But life was not always this way. As a young man in high school, Tony was one of four close friends. The most unusual of these boys was the shy and gifted Adrian Finn. He was a star student and went on to study philosophy and "moral sciences" at Cambridge. Adrian's life ended mysteriously in suicide while he was doing his post-graduate studies. Well into his later years, Tony believes his friend died a noble philosopher's death.
What really happened to Adrian during those university years, as well as to Veronica, the young woman who dated them both, comprises the essence of this book. When Tony is bequeathed Adrian's diary after the death of Veronica's mother, and subsequently denied access to it, the novella takes on a quest motif. Tony follows Veronica, uncovering not only the secrets of her former life, but that of Adrian. Most important, though, he meets his former self--a narcissist whose actions are redeemed only by his sense of current remorse.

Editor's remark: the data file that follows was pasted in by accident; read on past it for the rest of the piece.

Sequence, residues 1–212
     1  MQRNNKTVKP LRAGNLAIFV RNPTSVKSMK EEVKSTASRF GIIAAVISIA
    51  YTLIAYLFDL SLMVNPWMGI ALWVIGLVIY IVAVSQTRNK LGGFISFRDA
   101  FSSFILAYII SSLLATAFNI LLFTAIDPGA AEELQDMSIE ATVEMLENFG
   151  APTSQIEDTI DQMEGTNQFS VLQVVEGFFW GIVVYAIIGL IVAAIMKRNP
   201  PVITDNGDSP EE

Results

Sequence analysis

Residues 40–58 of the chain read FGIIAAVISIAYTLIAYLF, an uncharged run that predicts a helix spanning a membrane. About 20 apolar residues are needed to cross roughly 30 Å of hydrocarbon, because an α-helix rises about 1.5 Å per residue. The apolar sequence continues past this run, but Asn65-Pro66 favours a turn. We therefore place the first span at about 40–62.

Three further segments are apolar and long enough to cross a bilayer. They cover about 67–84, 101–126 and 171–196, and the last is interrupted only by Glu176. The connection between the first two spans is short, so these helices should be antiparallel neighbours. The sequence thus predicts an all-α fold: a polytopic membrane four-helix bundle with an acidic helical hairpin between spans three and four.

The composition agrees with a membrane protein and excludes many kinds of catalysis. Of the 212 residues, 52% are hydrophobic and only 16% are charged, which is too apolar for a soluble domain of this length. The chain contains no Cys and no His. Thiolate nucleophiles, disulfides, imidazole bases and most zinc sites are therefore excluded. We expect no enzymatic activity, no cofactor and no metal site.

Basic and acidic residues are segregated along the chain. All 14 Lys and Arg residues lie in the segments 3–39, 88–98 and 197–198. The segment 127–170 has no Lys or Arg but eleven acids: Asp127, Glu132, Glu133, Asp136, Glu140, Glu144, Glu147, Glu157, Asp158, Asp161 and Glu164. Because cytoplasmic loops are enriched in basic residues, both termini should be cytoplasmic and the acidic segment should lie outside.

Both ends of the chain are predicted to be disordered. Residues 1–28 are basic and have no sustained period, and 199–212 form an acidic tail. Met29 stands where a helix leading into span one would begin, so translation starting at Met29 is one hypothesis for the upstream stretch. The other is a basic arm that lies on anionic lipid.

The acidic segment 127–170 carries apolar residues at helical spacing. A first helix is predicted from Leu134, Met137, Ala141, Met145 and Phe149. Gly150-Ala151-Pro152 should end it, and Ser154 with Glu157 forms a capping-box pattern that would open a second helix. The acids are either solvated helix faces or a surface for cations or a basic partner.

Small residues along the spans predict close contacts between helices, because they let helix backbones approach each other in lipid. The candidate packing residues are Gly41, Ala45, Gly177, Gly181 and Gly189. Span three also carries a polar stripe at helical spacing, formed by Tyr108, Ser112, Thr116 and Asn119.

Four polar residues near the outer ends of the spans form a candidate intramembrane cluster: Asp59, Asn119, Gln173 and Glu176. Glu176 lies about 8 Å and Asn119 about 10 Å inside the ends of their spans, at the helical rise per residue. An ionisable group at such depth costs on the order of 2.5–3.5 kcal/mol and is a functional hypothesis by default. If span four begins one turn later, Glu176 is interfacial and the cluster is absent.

You get towards the end of life--no, not life itself, but of something else: the end of any likelihood of change in that life. You are allowed a long moment of pause, time enough to ask the question: what else have I done wrong? (p. 163)
The Sense of an Ending, winner of the 2011 Booker Award, is a powerful novella with surprising twists. It realistically depicts the callousness of youth and the falseness of our recollections. Julian Barnes presents us with a sympathetic but unreliable narrator who leads himself and the reader to a shocking conclusion.
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